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Friday, July 26, 2013

10 Ways to Improve the Customer Experience

By John H. Fleming, Ph.D., Gallup Chief Scientist, and Dan Witters, Principal

Few employees are aligned with or empowered to deliver the core elements of their company's brand identity and promise. This is according to a Gallup study of more than 3,000 randomly selected workers, which also found that only 41% of employees felt that they know what their company stands for and what makes its brand different from its competitors. This suggests that too many companies are failing to help their workers understand what makes their company different and better than the rest.

Executives must start by engaging their employees and then taking these steps to help their workers become effective brand ambassadors:

1. Acknowledge that all employees play a key role in bringing the brand to life. Successful branding is not just a marketing or sales function; it is an essential activity for human resources, management, and leadership.

2. Audit your internal communications to ensure that they are consistent with your brand identity and promise. Invest in making employees aware of your brand promise, and empower them to act on it.

3. Articulate what your brand represents and what you promise to your customers. Inject the core elements of your brand identity into the workplace constantly and consistently across time, locations, and channels. Use these elements to define not only how you treat your customers but also how you manage, coach, and treat your employees.

4. Deploy simple processes to ensure that you highlight and discuss the core elements of your company's brand identity every day. Use minute meetings, lineups, or staff gatherings to provide specific examples of how to deliver the brand promise.

5. Use simple tools, like a small card that fits in a wallet, as ready references to the brand, and require employees to memorize the key brand elements.

6. Regularly assess how well your employees know and understand your brand promise. All employees -- especially those in customer-facing roles -- should believe in and feel they have the resources and permission to deliver your brand promise. Provide additional support in areas that fall short.

7. Ensure that new employees understand your brand identity and promise. All new employees should be able to articulate what your company stands for and what makes you different within their first 30 days of employment, and your managers should reinforce this message every day.

8. Make sure that every employee understands how his or her job affects the customer experience. This is particularly important for roles that are not customer-facing. Constantly connect the dots between what employees are paid to do and what your organization stands for.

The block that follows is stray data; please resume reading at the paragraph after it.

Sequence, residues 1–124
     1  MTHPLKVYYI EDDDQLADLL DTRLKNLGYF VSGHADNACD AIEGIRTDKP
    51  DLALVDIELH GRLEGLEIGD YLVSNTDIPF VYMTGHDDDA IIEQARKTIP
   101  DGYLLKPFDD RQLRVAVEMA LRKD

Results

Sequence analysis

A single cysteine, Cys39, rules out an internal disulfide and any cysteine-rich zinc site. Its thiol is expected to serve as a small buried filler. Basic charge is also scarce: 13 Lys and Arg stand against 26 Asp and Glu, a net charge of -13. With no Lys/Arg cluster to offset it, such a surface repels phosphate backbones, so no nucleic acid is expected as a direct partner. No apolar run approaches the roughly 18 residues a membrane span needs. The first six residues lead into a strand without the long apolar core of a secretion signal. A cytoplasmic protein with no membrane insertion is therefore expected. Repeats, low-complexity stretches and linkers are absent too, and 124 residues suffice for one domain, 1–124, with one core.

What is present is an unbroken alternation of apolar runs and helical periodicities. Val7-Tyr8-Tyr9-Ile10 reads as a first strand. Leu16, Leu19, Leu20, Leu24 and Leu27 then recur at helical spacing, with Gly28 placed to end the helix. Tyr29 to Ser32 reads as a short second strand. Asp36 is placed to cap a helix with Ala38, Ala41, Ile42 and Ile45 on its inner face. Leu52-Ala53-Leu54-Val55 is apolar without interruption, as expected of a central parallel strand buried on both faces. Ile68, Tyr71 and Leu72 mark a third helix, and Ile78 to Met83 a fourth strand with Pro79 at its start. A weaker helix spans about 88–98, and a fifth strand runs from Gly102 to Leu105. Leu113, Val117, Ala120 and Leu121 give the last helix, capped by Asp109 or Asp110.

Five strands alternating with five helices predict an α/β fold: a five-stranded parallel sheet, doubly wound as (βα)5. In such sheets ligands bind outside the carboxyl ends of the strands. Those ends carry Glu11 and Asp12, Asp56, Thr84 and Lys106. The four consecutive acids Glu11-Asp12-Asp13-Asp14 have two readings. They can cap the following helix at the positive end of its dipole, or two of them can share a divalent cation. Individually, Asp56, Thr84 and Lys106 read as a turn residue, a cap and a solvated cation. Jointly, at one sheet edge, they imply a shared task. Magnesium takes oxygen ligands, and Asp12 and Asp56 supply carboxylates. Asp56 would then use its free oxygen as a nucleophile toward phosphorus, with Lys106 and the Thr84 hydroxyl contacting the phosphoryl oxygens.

9. Recognize employees who deliver your brand promise to your customers. There is an important psychological need for recognition. Employees who know that they will receive recognition for acting on the brand promise will have a strong incentive to do so.

10. Regularly solicit opinions from your employees on new and better ways to deliver your brand promise. Convene town hall meetings that allow employees to share their ideas and feedback. Demonstrating an authentic commitment to alignment is the best way to embed it in your company's culture.

For more advice on how to equip employees to win and engage customers, read the State of the American Workplace report and “Getting the Most Out of the Employee Customer Encounter” in the Gallup Business Journal.

Follow @Gallup on Twitter to get more research and insights to help your organization.

These tips were originally published in the article, "Your Employees Don't 'Get' Your Brand" in the Gallup Business Journal.


caitlinhoward said...
July 26, 2013 at 1:45 PM  

Could not believe that 41 percent of employees felt that they didn't know what their company stood for. This reminded me on an article I posted on my blog where research indicated that job clarity is one of the most important elements of employee engagement, and driving high performance and employee satisfaction. It seems that if companies would ensure that their employees knew more about the company and their role, then employees will become more effective.

Shep Hyken said...
July 27, 2013 at 10:27 AM  

Excellent ideas on how to improve the customer experience. Implement any of these ten “ways” and you, your customers and your employees will be better off for doing so.

Anonymous said...
July 29, 2013 at 11:38 AM  

Employees also need to be paid and receive benefits like the employer values them.

If an employee is paid minimum wage (or close to it), receives no benefits and works part-time hours they're not going to feel particularly engaged no matter how many pep talks they're given.

Barney said...
July 30, 2013 at 5:27 AM  

In my opinion the best way to improve the customer experience is the quality treatment for the customers and for that there is need of management software, so that employees attending the customer remains updated about the customer like what is the name of the customer and his personal details.

DK said...
August 1, 2013 at 8:42 PM  

#1 should be: articulate your brand identity in a way that removes ambiguity and enables action. Avoid terms like "superior customer service" or "empowered" or "high quality..." unless you provide specific examples of what that means.

Anonymous said...
August 10, 2013 at 9:45 AM  

I disagree with after study shows pay and benefits below relationship with boss, appreciation, etc as reasons why people leave a job for another. If what you say is accurate, then turnover for jobs paying six figures would have zero turnover.

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